Gathering momentum on the slopes of Mount Arvon, Michigan’s highest peak, the Slate River drops northward into Lake Superior. At one time when slate was a predominant roofing material, Arvon Road led to the small town of Arvon and a slate quarry. Today the town has all but disappeared, and piles of waste slate mark the quarry site.
West of the Slate River, Arvon Road leads to this beautiful setting of Black Slate Falls. Here, tucked in the woods is a picturesque little falls as it drops over slate ledges. Quartzite and Black Slate falls are found at the end of Arvon Road. For those seeking more woodland waterfalls, this wild river leads down to Slate (the largest drop), Slide and Ecstasy falls, just three miles downriver. Hiker’s notes indicate it’s a lot easier to reach Slate Falls from Skanee Road, where Arvon Road gets its start.
GoWaterfalling adds that Black Slate Falls are one of several waterfalls on the Slate River.
Many more waterfalls on Michigan in Pictures.
January 25, 2014
Tannery Falls (sometimes referred to as Rudy M. Olson Memorial), along with MNA Memorial Falls (sometimes called Twin Falls) often get missed by unknowing visitors who follow the signs to nearby Munising Falls, leaving these two cool waterfalls in their touristy dust. Well, that’s not going to be you.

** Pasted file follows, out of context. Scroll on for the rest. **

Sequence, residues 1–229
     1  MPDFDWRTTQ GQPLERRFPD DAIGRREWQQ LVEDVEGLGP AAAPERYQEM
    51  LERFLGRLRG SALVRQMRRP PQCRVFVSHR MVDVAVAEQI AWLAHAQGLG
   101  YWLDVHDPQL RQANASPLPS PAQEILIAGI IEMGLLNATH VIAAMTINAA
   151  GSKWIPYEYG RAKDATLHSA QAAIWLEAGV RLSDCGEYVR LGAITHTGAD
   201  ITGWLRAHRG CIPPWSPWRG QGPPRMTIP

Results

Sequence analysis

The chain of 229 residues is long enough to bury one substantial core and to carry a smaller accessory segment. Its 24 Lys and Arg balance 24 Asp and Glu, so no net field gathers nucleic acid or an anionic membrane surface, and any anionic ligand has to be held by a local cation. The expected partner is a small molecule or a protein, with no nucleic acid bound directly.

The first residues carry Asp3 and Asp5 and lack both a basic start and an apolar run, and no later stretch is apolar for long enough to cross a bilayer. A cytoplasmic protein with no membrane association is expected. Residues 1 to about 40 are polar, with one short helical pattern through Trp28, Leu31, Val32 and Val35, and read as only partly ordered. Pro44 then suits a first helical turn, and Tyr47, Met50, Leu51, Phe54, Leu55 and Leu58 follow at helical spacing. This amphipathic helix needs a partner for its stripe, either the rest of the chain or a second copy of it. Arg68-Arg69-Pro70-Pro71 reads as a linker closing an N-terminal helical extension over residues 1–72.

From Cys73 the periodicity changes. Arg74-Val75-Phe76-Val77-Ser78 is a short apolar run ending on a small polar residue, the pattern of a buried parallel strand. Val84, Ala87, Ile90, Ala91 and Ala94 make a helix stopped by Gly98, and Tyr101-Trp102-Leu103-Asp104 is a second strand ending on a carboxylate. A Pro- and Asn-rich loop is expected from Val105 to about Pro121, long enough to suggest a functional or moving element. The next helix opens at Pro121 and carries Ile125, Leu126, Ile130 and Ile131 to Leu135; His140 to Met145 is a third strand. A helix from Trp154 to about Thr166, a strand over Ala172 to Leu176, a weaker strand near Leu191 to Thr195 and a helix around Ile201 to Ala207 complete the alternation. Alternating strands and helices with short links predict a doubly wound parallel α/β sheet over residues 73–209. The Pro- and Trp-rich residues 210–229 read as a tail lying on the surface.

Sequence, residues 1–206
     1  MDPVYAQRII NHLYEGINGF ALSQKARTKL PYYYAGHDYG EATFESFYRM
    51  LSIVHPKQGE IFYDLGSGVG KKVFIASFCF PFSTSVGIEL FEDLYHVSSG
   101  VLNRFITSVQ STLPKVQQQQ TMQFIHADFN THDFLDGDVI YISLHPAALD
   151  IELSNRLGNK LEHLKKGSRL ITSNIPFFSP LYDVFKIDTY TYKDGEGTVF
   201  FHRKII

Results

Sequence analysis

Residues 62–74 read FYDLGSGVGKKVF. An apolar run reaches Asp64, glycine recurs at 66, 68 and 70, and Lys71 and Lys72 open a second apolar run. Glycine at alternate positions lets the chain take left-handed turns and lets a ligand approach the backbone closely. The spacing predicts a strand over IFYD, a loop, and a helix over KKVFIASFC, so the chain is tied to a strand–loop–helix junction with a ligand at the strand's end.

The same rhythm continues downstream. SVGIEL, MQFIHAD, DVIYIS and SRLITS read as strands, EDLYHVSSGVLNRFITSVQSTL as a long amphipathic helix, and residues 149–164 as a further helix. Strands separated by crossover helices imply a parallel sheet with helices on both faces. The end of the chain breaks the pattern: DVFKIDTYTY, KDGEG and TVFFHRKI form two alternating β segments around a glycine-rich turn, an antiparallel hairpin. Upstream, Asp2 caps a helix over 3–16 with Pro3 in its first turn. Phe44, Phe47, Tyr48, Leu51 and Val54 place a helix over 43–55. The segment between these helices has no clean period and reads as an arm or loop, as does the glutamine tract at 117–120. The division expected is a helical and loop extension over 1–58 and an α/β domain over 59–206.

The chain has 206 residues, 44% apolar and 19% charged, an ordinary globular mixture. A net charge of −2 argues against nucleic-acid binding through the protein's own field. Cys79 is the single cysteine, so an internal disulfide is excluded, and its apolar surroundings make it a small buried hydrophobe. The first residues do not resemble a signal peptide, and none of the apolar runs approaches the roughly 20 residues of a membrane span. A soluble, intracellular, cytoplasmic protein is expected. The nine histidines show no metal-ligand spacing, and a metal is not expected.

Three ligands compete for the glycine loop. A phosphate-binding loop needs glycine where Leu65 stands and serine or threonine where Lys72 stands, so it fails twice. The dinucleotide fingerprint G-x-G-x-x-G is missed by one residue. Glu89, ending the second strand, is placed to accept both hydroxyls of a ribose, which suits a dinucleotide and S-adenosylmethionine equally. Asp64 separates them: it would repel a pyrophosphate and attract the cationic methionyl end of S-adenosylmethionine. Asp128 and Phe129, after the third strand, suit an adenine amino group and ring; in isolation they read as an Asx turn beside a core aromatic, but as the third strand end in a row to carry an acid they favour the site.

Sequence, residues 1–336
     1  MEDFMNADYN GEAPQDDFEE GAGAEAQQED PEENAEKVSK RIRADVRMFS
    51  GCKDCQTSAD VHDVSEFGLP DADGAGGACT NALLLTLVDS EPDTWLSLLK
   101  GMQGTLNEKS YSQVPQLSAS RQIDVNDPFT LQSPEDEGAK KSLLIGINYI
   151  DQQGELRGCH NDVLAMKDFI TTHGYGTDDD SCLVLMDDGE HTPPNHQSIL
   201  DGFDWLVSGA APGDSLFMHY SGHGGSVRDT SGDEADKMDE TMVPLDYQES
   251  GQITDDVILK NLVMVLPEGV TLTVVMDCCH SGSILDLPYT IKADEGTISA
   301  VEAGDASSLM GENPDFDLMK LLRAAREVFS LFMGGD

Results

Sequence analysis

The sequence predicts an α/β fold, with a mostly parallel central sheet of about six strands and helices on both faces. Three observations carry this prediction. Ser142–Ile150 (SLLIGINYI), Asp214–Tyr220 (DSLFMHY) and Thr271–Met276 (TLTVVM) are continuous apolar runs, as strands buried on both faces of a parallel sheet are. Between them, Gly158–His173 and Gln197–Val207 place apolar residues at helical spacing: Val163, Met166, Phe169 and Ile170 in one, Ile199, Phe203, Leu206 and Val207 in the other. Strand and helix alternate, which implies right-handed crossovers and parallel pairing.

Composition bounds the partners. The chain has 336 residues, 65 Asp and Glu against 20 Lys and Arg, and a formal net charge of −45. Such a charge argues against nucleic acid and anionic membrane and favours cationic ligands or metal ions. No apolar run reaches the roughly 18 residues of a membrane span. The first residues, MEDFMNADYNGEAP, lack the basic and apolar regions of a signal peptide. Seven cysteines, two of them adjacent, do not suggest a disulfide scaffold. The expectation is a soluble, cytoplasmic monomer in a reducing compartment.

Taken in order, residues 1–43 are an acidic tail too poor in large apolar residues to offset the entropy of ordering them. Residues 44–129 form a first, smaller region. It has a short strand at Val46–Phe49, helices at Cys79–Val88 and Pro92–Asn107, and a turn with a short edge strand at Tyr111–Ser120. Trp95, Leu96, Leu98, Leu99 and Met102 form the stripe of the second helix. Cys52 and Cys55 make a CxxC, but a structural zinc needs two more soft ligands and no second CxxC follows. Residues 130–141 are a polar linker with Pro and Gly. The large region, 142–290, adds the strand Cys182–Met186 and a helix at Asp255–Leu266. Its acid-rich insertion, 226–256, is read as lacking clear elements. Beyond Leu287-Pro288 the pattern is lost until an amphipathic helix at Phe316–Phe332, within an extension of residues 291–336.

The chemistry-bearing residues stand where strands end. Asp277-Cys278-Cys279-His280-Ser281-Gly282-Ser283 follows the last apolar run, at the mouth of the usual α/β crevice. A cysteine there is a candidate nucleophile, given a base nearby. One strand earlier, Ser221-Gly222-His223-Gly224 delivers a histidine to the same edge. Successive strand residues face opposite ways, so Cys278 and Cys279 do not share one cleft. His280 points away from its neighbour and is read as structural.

…It’s a steep uphill climb at first, but it’s short. After a minute or so of uphill walking, you’ll skirt along a sandstone cliff and end up face to face with a very cool waterfall. It’s a serene little area with more than a few little nooks and cranny’s to explore. I took my son there and he had a blast running around, saying “look at this!” a hundred times. At some point I’d like to come back with my wife and have a picnic here. Yes, I’m cheesy like that.
There are no signs urging you to “stay on the trail.” You can walk right up to, behind, and around the falls if you want to. If it’s a hot day, stand right under the thing and cool off! It might not be a bad idea to bring a swimsuit just in case. :)
Not sure about the wisdom of that today though. Read on for more including instructions on how to get there and definitely check out 1000 Things to Do in the U.P. for lots more ideas about fun in the Upper Peninsula!
Many (many) more Michigan waterfalls await you on Michigan in Pictures!
January 17, 2014
I hope you all had a great week and that you’ll have a chance to get out and enjoy Michigan this weekend.
Wikipedia says that Onekama is a village in Manistee County located on the shores of Portage Lake, and that the town’s name is derived from “Ona-ga-maa,” an Anishinaabe word that means “singing water.” Here’s a Google map.
More winter wallpaper on Michigan in Pictures.